This week, South Carolina governor Nikki Haley, a Republican, joined the chorus of conservative officials changing their tune. “It’s time to move the flag from the Capitol grounds,” she said at a news conference. But the decision is ultimately not Haley’s.

Any measure to remove the flag from the South Carolina State House’s grounds requires a two-thirds supermajority in the state legislature, under the 2000 South Carolina Heritage Act.

Four more members of the South Carolina House of Representatives must commit to vote in favor of removing the flag in order for the state legislature to mandate its removal, according to polling data by The Post and Courier.

In the state Senate, 33 of 45 members (73 percent) have told The Post and Courier that they agree the flag should be taken down. Currently, 78 of 123 (63 percent) House representatives in South Carolina have said the flag should come down, just four representatives shy of the two-thirds majority needed for a bill to pass.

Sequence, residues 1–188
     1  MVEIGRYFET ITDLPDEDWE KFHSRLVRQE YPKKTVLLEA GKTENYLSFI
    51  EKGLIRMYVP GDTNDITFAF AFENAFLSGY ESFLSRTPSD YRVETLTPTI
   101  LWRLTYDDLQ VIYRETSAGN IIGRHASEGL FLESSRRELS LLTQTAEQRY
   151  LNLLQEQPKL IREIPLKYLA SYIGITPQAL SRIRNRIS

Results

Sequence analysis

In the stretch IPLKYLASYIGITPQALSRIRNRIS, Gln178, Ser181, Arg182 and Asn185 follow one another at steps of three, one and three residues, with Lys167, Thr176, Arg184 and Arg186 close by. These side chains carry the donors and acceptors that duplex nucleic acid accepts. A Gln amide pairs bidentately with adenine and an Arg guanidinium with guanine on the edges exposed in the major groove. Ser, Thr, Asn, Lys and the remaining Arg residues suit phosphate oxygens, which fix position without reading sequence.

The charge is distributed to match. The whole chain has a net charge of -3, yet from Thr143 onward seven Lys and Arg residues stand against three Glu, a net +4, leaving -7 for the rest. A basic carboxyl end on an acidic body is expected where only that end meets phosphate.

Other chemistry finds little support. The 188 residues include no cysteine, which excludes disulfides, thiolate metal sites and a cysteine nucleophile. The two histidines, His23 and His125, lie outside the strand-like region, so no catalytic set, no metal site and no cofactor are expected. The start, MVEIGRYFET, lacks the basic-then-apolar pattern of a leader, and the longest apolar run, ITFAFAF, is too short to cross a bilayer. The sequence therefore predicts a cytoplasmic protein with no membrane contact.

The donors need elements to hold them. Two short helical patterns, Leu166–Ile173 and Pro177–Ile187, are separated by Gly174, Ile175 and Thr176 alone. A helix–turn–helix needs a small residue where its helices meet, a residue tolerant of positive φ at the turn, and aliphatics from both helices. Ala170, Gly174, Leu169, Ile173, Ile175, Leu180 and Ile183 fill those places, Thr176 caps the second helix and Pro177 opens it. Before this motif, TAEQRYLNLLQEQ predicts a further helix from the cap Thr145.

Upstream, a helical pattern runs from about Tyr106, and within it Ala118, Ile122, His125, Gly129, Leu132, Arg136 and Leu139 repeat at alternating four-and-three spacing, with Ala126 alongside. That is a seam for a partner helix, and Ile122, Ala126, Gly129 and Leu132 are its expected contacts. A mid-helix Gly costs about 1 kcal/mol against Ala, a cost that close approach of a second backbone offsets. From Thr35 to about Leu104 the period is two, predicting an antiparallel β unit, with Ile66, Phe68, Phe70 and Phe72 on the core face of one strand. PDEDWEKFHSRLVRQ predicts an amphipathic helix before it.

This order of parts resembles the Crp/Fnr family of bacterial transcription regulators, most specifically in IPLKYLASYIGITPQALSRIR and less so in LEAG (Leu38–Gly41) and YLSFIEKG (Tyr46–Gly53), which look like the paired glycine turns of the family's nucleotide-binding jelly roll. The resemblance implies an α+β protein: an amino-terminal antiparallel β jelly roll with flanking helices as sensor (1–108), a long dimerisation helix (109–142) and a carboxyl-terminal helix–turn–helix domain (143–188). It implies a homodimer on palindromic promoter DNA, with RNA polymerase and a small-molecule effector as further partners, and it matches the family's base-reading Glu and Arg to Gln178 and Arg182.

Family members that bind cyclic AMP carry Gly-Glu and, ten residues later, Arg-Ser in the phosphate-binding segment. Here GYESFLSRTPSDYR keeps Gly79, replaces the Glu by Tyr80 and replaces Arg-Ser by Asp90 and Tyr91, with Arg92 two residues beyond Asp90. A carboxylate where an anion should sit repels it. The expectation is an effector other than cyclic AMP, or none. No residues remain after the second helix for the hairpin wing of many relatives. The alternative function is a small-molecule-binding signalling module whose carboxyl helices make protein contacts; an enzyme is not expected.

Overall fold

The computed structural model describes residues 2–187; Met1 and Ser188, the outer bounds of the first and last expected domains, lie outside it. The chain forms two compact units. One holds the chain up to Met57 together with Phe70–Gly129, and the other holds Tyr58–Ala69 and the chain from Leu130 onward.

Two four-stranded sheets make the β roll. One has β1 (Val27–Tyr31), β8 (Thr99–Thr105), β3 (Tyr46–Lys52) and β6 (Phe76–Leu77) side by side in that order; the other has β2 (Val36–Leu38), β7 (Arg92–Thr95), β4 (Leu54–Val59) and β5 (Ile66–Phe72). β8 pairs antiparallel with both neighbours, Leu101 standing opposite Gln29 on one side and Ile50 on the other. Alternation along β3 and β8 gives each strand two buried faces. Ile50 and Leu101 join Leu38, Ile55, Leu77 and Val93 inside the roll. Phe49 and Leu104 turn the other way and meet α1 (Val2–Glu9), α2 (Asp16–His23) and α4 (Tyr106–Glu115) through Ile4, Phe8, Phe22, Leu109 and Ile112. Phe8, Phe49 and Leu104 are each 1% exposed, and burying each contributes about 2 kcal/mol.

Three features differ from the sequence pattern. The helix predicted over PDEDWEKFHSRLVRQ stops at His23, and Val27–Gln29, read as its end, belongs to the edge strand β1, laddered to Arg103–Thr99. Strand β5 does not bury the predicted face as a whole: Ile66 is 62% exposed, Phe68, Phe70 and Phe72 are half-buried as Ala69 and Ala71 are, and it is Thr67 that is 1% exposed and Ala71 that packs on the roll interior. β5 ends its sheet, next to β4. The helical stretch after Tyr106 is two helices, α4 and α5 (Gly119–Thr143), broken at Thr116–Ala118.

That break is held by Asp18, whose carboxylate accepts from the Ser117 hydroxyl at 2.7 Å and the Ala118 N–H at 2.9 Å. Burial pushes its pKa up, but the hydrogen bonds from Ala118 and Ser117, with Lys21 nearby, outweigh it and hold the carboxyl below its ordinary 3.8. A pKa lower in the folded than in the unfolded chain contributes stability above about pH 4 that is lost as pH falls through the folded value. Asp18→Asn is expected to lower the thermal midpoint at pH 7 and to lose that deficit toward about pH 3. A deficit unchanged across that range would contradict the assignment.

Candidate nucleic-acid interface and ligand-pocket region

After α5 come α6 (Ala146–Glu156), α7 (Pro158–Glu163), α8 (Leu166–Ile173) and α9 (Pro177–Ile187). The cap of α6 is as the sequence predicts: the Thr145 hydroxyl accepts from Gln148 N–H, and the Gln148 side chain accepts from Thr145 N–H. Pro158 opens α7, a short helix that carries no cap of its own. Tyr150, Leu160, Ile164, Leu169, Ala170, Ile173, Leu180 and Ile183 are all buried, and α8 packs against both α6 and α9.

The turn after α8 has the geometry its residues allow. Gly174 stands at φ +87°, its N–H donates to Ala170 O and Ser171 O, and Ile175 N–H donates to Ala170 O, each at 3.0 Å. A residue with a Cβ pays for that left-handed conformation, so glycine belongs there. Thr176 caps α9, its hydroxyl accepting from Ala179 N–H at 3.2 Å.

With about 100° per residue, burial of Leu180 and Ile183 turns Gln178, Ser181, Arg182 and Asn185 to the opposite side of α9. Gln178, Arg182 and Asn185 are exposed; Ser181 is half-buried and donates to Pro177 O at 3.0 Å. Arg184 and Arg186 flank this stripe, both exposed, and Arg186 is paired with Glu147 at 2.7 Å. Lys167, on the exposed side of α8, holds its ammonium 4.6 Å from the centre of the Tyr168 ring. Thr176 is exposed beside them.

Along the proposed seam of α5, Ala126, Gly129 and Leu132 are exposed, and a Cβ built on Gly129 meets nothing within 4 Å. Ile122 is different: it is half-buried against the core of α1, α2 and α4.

In both houses, every lawmaker who told The Post they were either undecided or would vote against removing the flag, as well as anyone who refused or neglected to answer the question, were Republicans.

State senators have introduced a bill to move the flag from its current location near the Confederate Soldier Monument outside the State House to the Confederate Relic Room at the State Museum. House representatives also introduced two bills that call for the flag to be removed. Discussion of the bills and a final vote are expected in coming weeks.

Photo: A sign urging South Carolina Gov. Nikki Haley to take down the Confederate flag is part of the sidewalk memorial at the Emanuel A.M.E. Church on June 20, 2015, in Charleston, S.C. (Curtis Compton/Atlanta Journal-Constitution/TNS)

Florida House Passes Religious Exemption To Block Gay Adoptions